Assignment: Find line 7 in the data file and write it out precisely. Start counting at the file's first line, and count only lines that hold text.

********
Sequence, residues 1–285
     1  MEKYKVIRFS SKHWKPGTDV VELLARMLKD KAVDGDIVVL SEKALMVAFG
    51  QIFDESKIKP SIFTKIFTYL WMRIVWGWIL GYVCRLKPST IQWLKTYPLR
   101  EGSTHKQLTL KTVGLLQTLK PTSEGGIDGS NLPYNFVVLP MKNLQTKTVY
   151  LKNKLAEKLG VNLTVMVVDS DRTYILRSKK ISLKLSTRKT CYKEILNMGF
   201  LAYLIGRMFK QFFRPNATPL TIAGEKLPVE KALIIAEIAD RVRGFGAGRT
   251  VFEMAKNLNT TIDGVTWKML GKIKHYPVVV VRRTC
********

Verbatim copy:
   251  VFEMAKNLNT TIDGVTWKML GKIKHYPVVV VRRTC